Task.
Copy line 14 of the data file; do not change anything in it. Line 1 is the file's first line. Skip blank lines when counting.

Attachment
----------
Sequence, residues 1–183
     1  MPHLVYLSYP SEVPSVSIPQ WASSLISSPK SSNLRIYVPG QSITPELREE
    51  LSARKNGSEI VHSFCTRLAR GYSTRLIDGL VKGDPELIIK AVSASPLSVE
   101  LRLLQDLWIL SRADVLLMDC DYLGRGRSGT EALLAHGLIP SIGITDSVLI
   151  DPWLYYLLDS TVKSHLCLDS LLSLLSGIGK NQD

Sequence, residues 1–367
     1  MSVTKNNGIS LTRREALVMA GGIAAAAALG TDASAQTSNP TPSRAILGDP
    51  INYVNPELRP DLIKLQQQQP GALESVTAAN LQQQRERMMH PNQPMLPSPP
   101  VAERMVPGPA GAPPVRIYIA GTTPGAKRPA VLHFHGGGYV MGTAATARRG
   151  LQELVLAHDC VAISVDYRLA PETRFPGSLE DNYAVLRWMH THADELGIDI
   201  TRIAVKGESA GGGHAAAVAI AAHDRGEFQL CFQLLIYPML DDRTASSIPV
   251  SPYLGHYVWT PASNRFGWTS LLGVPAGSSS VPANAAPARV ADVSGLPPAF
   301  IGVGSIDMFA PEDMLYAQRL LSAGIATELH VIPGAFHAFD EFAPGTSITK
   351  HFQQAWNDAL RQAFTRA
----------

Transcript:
   351  HFQQAWNDAL RQAFTRA